Much of my podcast listening happens while doing chores or driving around, so I hardly ever get through an hour-long episode in one listening. By happy coincidence (if you believe things are mere coincidences), I happened to be working my way through an EconTalk episode about “emergent order” when I also read this story out of Florida about a spontaneous human chain that saved a family caught in a riptide:
Six members of a single family – four adults and two young boys – and four other swimmers had been swept away by a powerful and deceptive riptide churning below the water’s surface. …
There was no lifeguard on duty, and law enforcement on the scene had opted to wait for a rescue boat. People on the beach had no rescue equipment, only boogie boards, surf boards and their arms and legs.
“Form a human chain!” they started shouting.
“Emergent order” is when the drives and incentives in a system bring about organized action without any deliberate planner or coordination. In economics, the classic example is the coordination of all the activity necessary to ensure fresh bread in the market each day. Nobody dictates the process; people with incentive to make money find a niche in the process of bread production, and it becomes in the interest of each to maximize production and efficiency. That includes redirecting resources when some related product has more demand, as measured by prices.
The human chain in Panama City Beach is an apt metaphor. Sure, somebody was the first to utter the phrase “human chain,” but no well-trained government official showed up and took control. Indeed, the authorities had concluded that it wasn’t worth the risk to attempt a rescue without the authorized equipment.
Instead, the demand of an endangered family was high, creating the opportunity for what we might call substantial moral capital. That opportunity attracted a few people with high tolerance for risk and significant interest in helping others. As more people joined, the appearance of risk decreased and spontaneous peer pressure lowered the price, so to speak, by which I mean the amount of a person’s intrinsic moral imperative needed to spur action. The first few people were willing to risk their lives independently; by the end, people in the line may have been calling out to spectators and passers requesting help, putting a cost on refusal.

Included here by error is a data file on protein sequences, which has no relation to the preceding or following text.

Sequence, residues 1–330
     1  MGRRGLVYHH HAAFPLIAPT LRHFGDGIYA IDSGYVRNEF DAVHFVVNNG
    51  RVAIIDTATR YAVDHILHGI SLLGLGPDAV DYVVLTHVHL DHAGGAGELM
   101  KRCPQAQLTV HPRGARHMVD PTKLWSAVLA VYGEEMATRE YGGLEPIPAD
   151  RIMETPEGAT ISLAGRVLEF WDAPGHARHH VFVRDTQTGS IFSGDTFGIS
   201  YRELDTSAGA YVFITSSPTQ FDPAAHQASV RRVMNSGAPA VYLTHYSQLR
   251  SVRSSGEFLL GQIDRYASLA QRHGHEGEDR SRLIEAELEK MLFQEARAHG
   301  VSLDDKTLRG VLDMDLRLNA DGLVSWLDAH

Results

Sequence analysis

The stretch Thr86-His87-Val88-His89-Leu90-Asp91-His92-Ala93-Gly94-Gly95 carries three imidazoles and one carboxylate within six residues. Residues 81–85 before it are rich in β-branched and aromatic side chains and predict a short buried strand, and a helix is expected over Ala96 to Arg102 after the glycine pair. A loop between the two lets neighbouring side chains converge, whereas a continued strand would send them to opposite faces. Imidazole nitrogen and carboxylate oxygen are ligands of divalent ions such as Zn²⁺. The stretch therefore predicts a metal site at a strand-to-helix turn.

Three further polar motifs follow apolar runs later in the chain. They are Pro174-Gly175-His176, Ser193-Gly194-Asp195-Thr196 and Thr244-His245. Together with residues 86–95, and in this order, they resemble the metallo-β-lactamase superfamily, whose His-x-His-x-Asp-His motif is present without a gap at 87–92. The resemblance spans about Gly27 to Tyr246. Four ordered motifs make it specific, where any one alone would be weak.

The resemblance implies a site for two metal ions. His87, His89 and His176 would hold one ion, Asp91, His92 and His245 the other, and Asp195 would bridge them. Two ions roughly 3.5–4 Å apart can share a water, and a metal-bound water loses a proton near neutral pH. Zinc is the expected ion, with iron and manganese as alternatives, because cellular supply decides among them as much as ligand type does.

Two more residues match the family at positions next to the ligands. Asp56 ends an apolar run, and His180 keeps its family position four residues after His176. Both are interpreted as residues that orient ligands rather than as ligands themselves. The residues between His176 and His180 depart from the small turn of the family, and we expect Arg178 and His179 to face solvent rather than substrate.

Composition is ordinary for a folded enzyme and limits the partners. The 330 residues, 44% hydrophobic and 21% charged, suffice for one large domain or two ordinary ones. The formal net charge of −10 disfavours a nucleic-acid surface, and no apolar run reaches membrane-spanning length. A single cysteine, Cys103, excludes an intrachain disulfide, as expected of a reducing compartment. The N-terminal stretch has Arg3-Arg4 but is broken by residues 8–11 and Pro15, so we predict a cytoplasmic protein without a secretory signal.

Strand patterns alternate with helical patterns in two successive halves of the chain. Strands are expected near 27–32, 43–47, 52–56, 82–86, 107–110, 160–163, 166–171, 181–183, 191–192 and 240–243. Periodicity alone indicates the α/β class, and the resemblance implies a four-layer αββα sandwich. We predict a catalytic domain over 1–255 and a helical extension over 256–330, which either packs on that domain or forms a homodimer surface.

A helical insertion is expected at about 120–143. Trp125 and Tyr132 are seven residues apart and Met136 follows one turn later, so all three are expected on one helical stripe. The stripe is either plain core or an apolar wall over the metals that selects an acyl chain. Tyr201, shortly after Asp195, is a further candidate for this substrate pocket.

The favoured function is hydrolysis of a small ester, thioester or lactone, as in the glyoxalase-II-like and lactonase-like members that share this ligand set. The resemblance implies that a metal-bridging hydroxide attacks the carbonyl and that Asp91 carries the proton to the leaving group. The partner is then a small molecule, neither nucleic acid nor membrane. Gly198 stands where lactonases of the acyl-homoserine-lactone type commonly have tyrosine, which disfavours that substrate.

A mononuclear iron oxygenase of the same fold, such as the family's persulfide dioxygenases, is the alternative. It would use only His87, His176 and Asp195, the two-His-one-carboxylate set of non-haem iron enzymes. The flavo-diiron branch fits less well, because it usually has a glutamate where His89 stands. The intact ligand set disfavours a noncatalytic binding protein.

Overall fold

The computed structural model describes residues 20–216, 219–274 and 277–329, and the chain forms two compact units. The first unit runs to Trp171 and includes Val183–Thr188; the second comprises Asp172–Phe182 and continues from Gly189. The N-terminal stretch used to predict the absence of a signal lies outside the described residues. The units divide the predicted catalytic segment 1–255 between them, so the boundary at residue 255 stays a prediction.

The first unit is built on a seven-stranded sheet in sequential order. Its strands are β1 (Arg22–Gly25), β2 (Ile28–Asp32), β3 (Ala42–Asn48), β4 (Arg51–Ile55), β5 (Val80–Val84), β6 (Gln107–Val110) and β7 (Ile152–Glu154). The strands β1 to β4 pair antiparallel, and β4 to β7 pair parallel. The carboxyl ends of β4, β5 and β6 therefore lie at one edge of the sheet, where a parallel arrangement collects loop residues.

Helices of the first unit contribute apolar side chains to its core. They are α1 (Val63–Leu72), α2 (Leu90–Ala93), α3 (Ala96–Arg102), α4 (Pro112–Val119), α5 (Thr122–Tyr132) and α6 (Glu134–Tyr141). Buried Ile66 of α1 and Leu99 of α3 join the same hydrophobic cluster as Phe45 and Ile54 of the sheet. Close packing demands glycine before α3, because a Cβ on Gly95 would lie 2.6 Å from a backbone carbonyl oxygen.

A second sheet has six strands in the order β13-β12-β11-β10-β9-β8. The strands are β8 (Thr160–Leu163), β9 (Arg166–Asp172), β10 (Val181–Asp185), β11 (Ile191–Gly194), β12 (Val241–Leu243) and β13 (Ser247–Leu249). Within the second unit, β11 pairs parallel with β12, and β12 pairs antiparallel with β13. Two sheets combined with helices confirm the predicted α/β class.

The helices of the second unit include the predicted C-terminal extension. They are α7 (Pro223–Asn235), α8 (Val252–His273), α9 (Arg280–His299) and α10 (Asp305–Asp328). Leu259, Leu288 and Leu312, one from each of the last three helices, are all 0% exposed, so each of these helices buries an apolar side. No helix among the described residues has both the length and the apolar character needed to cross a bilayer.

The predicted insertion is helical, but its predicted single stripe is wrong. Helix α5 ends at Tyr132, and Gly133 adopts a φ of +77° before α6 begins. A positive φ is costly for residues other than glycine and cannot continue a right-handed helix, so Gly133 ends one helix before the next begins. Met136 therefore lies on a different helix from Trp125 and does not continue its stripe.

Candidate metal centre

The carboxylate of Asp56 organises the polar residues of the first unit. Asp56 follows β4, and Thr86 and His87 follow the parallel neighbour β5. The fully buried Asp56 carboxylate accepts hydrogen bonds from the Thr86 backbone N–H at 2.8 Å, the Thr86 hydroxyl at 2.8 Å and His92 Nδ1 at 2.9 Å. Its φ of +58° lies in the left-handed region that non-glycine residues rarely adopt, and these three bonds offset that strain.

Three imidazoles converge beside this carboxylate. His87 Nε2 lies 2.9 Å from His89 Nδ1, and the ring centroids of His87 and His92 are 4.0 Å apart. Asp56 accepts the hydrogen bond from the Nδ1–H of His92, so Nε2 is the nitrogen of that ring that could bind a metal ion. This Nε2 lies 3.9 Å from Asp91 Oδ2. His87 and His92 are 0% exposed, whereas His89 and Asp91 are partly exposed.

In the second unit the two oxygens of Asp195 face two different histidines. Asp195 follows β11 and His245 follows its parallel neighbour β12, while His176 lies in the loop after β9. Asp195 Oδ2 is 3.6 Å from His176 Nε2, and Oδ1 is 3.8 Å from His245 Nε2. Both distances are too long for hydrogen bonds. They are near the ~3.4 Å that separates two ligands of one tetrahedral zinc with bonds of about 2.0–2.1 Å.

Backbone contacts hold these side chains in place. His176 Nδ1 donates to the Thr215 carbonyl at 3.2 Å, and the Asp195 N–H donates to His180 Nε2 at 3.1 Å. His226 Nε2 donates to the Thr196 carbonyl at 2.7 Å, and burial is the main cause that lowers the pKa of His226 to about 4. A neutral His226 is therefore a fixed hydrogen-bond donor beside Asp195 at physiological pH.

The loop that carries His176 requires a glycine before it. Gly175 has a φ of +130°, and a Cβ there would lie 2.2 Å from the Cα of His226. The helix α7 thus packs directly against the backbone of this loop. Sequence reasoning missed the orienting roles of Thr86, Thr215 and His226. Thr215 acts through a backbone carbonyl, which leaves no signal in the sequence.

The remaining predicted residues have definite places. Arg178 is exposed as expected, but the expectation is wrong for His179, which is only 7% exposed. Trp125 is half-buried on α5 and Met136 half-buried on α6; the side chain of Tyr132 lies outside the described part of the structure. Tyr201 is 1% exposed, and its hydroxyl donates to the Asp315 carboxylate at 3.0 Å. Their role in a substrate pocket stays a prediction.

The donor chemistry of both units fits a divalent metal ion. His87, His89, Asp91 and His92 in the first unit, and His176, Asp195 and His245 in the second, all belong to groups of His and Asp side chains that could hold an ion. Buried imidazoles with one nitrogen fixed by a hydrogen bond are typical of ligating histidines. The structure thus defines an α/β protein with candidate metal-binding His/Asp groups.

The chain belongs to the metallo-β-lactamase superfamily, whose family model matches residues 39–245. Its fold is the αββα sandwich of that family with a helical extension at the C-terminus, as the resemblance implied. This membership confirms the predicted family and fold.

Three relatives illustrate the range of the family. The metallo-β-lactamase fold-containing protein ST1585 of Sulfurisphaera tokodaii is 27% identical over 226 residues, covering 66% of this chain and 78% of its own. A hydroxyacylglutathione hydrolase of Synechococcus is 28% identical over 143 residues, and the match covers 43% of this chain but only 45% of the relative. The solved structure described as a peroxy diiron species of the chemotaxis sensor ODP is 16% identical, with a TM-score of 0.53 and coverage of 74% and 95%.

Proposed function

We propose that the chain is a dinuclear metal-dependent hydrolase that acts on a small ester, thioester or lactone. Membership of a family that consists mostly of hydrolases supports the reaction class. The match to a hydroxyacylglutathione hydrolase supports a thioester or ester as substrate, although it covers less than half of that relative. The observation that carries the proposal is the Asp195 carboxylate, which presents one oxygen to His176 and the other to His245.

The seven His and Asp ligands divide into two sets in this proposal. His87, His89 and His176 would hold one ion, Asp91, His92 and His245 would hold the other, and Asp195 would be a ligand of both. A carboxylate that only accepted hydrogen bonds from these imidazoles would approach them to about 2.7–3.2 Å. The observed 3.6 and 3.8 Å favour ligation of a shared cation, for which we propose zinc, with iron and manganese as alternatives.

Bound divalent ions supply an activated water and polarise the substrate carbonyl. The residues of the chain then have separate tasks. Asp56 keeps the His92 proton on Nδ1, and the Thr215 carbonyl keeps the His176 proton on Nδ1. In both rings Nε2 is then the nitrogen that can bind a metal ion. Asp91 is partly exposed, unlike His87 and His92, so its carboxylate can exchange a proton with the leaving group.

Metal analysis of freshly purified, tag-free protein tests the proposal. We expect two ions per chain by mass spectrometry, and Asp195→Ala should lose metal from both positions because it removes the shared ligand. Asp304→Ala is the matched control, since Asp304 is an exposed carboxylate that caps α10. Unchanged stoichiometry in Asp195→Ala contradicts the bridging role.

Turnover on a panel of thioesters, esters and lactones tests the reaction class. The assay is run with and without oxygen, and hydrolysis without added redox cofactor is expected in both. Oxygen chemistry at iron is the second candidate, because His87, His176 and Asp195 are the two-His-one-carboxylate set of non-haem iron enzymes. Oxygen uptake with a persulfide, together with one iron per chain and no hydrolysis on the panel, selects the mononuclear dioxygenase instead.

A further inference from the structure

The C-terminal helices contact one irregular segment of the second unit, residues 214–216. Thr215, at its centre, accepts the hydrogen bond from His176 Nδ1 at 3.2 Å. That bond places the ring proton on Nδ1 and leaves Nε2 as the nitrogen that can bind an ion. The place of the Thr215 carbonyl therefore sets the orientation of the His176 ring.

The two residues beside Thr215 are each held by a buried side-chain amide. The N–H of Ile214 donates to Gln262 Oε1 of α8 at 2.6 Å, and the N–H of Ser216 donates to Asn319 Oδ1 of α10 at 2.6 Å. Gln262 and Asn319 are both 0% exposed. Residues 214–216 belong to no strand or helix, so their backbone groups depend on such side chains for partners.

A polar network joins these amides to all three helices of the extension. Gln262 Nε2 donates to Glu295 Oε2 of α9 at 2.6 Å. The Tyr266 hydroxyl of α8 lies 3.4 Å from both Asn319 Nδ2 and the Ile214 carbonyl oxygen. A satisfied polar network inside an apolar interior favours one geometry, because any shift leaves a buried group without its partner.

This particular incident makes me wonder how much the general expectation that government is taking care of things — that it’s somebody else’s job to take care of people in need — reduces the amount that folks will do so spontaneously, not only in helping, but also in the market. Before the human chain, somebody looked for lifeguards and then the police. The police assessed the situation and took the prescribed action, which wasn’t fast enough.
If those sources of aid weren’t expected, the crowd would have come to the conclusion of cooperative action sooner. If society were less well organized, cooperative action might have been the habit and first recourse of the people in the crowd.
That isn’t to say that we shouldn’t have lifeguards or police. They help where other people might not perceive the danger, and they help in the ways safest for everybody involved (including through their training). The development of the institutions of lifeguards and police is, itself, a higher-level emergent order.
The Florida anecdote does, however, illustrate the reality and importance of a tendency toward spontaneous human cooperation. It’s a habit we shouldn’t let slip from our culture. If our culture maintains the expectation that people can and should work independently together throughout most of life, we’ll have that mindset when official organizations break down or are inadequate, even if emergent order isn’t our solution to every emergency.